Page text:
Updated: Jan 9
This roasted sweet potato salad recipe makes for a perfect fall lunch or side dish! Nuts, avocado, and bright chipotle dressing fill it with flavor.
The combinations of roasted sweet potatoes (I used two kinds in the video); bell peppers, green beans, black beans and avocado harmoniously blend beautifully together.
What I love the most about this salad?
Perfect for those people who are on a plant-based diet, even though this recipe isn't completely vegan, it can be modified to meet these needs.
Full of protein, fats and fiber!
Full of probiotics and prebiotics!
Maple-Roasted Squash Salad with Black Truffle Vinaigrette is another my favorite salad for this time of the year.
I had never tried sweet potatoes until I came to the US. To be honest I didn't get warm and fuzzy with this amazing vegetable right away. My first year in the U.S., I ate sweet potatoes as they were served at restaurants like Outback: baked within the skin, and served with a healthy dose of brown sugar, cinnamon and margarine. In my opinion, cooking and serving sweet potatoes in this matter merely washes away all the health benefits of this glorious root vegetable that God lovingly created.
Today, I'm in love with sweet potatoes for a variety of reasons.
There's probably no vegetable with a higher beta-carotene content than the sweet potato. Beta-carotene is made up of properties that can protect us against cancer, colds, infections and other diseases. What amazes me is that the carotene contained in sweet potatoes increases as the vegetable is stored throughout the winter making it one of God's great creations.
Our bodies can only convert carotene to vitamin A in the presence of bile salts. That's why it's so important to eat sweet potatoes with fat like butter, egg yolks, or cream. These fats stimulate the secretion of bile and help our bodies to convert beta-carotene into vitamin A. These wonderful fats also make sweet potatoes taste delicious.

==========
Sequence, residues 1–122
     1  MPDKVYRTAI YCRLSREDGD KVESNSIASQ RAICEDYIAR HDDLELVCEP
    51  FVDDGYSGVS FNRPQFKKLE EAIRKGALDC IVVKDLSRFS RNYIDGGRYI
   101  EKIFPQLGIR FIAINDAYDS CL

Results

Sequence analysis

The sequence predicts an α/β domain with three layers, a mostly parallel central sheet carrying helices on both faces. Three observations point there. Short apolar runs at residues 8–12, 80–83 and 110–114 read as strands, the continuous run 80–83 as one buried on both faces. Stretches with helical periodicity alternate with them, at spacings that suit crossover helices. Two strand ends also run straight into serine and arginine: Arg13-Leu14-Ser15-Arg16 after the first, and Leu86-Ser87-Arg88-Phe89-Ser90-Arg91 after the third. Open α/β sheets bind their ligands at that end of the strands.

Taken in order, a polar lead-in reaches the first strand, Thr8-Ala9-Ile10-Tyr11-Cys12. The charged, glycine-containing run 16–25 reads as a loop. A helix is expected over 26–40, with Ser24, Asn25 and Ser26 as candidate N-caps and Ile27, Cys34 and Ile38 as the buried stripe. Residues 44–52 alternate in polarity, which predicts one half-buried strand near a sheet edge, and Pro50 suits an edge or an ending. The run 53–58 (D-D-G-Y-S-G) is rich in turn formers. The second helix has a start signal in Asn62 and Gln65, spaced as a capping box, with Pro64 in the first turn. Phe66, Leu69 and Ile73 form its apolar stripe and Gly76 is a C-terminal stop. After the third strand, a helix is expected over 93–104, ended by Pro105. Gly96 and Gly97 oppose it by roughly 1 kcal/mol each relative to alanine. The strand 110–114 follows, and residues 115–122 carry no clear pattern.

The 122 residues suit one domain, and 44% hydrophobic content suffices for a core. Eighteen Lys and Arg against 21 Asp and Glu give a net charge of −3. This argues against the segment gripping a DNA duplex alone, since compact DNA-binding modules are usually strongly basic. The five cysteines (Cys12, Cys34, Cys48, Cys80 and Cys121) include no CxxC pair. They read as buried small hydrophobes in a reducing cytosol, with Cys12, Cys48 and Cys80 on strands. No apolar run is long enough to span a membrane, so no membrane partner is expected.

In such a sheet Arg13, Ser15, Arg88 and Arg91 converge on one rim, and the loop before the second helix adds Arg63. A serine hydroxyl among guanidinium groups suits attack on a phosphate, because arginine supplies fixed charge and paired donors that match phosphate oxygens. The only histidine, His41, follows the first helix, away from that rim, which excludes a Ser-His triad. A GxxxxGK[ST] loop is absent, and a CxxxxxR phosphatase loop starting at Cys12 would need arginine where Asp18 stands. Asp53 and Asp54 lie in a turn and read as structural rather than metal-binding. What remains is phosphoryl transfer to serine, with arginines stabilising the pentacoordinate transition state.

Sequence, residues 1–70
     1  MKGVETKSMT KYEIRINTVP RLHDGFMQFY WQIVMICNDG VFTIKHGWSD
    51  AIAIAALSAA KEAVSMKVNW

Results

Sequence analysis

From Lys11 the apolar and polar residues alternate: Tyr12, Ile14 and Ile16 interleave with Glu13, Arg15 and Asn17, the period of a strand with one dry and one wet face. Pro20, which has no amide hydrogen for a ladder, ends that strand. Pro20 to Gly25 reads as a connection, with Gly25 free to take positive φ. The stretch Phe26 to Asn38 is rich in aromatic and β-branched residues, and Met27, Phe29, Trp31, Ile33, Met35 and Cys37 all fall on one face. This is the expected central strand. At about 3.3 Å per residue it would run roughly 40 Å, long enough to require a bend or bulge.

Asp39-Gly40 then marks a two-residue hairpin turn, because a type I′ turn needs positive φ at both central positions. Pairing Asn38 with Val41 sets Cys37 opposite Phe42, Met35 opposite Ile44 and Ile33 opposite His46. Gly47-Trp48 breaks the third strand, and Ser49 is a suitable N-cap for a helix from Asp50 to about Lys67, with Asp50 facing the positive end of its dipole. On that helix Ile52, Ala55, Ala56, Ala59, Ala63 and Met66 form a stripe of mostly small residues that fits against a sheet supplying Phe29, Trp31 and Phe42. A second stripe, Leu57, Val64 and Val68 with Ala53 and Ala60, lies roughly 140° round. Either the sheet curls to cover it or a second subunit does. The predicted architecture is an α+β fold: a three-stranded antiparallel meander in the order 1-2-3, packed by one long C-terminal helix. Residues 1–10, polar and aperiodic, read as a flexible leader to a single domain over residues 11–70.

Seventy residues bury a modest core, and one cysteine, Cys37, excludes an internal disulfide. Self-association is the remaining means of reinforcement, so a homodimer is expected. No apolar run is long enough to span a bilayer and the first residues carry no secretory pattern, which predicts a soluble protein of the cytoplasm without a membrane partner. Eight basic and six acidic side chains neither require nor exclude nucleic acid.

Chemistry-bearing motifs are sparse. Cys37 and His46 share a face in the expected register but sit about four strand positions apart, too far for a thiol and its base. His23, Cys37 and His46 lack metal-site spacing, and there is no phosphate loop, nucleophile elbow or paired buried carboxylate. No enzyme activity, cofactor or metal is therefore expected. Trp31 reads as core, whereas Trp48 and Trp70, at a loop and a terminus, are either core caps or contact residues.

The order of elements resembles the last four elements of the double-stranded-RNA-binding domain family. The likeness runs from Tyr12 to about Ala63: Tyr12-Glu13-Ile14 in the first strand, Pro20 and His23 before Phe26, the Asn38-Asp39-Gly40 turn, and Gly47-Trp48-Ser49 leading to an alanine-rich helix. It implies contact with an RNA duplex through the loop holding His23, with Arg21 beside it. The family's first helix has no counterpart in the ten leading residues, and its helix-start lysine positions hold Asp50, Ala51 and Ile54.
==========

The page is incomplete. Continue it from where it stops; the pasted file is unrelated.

Sweet potatoes are also a good source of iron and they contain potassium, niacin and vitamin C. They also contain fiber and are very rich in vitamin B6, a vitamin that is highly protective against heart diseases. And last but not least, sweet potatoes are rich in magnesium, which is another nutrient that protects against heart diseases thus providing you with a double dose of heart protecting properties.
Instead of talking about how amazing black beans are for I think we all know that eating more legumes is a great habit to have. However, I would like to concentrate my focus on what is even more important, which is the proper way to cook them.
Why you want to soak all your beans, nuts, seeds, and grains
In the video I mentioned that you could use canned black beans or cook them yourself, it's all up to you whichever is more convenient. But I also mentioned that I cook all my beans and keep them in the freezer until I need them.
These days we see more and more people eating raw and unprocessed whole foods, which are a good thing - unless they're loaded with enzyme inhibitors and phytates. By many experts in this area, these can cause quite a disturbance in the body. Consuming raw grains, nuts, seeds and beans is definitely not nature’s way. Our body is not designed to process these foods in their raw state.
These foods are loaded with phytic acid that not only grabs onto important minerals, but it also inhibits enzymes that we need to digest our food.
One of them is pepsin (we must have it in order to break down proteins in the stomach). Another one is amylase (it helps to break down starch into sugar) and also trypsin (they do the important job of helping to properly digest protein in the small intestine).
With baking a lot of fermented breads (sourdough) I mention through my blogs how great bread is if it's been fermented. Almost all grains should be fermented because untreated phytic acid can combine with calcium, zinc, magnesium, copper, and iron in the intestinal tract and block their absorption.